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Myeloma cells are plasma blood cells that have become cancerous. They are implicated in a type of leukemia known as multiple myeloma. Plasma cells are one of many types of white blood cells that can be found in the bone marrow of a healthy person. When multiple myeloma occurs, the proliferation of abnormal numbers of cancerous plasma cells, or myeloma cells, inhibits the normal production of other types of white blood cells, red blood cells, and platelets in the bone marrow. Tumors can develop and immune system problems can occur.
Medical science has not yet discovered the exact cause of multiple myeloma, but researchers believe that heredity may play a role, because this disease often runs in families. Multiple myeloma usually begins when just one myeloma cell appears in the bone marrow, and this single myeloma cell can multiply very quickly. Unlike healthy cells, which eventually grow old and die, myeloma cells often remain alive and continue reproducing. Normally, plasma cells account for one to five percent of the white blood cells present in a person's bone marrow. Plasma cells may account for ten percent or more of the white blood cells present in the bone marrow of a person with multiple myeloma.
Myeloma cells are capable of moving around the body in the bloodstream, meaning that they may spread from their bone marrow of origin to affect the rest of the body's bone marrow. Tumors can form, harming bones and soft tissues. Myeloma cells often also produce high levels of abnormal antibodies, and cause a significant decrease in the number of normal antibodies produced in the body. For this reason, multiple myeloma can hamper the body's immune system and make even minor infections far more dangerous.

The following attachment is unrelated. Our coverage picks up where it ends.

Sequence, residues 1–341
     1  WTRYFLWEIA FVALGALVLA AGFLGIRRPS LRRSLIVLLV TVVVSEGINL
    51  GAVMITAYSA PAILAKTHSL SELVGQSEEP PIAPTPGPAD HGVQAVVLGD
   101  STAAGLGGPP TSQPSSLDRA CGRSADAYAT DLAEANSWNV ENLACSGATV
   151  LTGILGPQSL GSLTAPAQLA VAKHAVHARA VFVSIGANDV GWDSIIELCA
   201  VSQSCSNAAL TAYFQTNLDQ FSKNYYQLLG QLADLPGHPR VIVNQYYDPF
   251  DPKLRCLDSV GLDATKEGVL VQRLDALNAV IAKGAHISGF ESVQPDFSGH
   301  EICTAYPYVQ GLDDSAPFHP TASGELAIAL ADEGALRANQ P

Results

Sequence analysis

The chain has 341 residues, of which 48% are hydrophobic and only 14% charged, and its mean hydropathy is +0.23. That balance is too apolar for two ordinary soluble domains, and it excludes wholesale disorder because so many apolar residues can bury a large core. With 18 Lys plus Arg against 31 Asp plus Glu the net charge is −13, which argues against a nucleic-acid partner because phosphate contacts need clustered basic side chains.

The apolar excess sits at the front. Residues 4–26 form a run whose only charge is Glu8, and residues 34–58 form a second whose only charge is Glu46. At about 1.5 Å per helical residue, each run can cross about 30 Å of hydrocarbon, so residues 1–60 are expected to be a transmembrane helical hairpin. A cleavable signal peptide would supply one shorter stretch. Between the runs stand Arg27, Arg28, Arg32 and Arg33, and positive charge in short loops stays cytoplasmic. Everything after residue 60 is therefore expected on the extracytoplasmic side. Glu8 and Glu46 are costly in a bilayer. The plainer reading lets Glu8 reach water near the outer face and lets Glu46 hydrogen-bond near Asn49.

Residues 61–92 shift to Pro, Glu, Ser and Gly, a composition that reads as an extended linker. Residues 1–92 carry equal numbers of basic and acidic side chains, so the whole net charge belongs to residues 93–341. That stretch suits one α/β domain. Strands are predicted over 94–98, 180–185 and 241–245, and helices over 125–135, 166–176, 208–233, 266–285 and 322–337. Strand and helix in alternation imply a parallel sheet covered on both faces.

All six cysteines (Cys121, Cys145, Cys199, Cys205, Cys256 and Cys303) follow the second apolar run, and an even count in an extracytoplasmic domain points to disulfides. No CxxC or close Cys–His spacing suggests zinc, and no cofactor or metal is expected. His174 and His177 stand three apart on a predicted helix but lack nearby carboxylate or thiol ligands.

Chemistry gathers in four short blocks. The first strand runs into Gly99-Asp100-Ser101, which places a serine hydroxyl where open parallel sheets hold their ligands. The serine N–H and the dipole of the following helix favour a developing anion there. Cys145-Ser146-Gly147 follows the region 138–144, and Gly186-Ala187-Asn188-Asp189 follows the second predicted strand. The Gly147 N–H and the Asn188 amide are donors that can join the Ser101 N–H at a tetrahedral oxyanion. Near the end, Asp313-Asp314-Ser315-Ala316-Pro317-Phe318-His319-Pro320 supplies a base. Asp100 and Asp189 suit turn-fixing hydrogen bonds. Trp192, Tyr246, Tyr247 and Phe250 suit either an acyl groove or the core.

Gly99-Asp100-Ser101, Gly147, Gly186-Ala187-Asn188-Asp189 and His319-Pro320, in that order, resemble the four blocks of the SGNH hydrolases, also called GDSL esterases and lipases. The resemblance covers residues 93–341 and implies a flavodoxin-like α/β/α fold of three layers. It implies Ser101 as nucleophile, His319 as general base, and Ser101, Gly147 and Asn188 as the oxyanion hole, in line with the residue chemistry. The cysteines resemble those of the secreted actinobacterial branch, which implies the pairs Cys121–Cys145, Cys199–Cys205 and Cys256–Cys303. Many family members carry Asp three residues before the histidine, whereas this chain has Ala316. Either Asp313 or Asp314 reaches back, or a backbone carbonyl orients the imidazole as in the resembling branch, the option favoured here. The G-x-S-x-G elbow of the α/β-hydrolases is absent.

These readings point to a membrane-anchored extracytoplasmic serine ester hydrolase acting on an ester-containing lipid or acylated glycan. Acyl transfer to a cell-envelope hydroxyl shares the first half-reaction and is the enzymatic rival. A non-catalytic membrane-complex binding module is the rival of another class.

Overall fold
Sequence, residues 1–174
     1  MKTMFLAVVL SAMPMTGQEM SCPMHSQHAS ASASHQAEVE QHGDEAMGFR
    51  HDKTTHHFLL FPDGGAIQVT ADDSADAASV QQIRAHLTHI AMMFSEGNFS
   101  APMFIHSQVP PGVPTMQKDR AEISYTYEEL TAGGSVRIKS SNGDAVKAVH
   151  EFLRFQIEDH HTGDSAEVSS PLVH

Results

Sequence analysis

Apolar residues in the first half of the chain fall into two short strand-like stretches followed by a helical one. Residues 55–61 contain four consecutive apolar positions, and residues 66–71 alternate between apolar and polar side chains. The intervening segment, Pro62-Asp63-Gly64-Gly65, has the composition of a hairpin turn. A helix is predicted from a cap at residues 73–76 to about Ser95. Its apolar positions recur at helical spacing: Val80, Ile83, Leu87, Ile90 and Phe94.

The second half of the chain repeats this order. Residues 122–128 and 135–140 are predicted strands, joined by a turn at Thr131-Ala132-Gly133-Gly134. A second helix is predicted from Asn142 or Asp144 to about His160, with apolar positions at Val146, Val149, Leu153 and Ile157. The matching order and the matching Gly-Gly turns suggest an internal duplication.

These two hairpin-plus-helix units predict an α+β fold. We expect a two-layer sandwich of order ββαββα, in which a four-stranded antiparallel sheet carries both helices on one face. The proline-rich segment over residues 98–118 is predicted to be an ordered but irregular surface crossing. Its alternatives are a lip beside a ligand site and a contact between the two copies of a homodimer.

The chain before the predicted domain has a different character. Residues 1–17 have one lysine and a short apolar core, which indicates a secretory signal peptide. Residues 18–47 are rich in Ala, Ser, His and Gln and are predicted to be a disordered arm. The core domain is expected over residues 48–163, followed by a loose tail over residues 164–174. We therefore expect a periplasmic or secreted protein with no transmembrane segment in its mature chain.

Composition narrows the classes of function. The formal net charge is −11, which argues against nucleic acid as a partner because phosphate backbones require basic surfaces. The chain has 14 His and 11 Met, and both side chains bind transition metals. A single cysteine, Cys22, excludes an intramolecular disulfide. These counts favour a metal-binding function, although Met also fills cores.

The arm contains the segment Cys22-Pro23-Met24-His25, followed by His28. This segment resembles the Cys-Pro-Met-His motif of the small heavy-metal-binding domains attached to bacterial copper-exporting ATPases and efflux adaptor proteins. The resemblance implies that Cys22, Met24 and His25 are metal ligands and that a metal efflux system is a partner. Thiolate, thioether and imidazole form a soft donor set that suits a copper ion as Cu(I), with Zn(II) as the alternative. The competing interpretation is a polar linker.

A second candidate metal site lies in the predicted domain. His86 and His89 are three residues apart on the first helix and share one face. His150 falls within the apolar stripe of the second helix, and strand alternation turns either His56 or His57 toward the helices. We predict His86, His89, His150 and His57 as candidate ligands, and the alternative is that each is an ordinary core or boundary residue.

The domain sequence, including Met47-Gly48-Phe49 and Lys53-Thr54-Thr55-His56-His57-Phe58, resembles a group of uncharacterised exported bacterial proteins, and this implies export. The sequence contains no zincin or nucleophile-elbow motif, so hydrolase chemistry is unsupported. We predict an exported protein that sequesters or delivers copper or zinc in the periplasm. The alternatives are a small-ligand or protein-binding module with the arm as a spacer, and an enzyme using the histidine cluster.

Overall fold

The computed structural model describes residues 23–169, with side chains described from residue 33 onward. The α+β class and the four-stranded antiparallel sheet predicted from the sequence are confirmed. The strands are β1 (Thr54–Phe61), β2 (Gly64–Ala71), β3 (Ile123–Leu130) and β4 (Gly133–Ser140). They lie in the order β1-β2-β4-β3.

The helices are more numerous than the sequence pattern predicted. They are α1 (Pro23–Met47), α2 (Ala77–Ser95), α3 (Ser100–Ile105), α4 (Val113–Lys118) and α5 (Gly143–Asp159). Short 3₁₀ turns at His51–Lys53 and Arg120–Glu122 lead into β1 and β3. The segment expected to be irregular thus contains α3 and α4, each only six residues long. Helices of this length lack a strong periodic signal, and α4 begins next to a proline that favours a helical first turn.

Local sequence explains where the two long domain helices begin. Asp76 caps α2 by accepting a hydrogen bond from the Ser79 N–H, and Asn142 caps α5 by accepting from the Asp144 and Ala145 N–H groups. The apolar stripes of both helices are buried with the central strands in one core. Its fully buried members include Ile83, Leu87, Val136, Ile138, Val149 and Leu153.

Physical symptoms of multiple myeloma often include bone pain, numbness or weakness in the legs, recurrent infections, weight loss and fatigue. Multiple myeloma can cause bones to become thin and brittle, making fractures more likely. Anemia and high blood calcium can occur. Abnormal proteins and antibodies can often be found in the blood of those with multiple myeloma.
Often, multiple myeloma does not cause symptoms for a long time. Those with asymptomatic multiple myeloma may not be given treatment right away, but will be monitored lest their condition worsens. Medications such as thalidomide, bortezomib, lenalidomide, and other chemotherapy drugs may be prescribed for the treatment of multiple myeloma. These drugs treat multiple myeloma by destroying the myeloma cells.
Treatments such as stem cell transplantation, radiation therapy, and oral corticosteroids can also help treat multiple myeloma. There is no cure for multiple myeloma. Many people, however, enjoy a high quality of life for many years after diagnosis.
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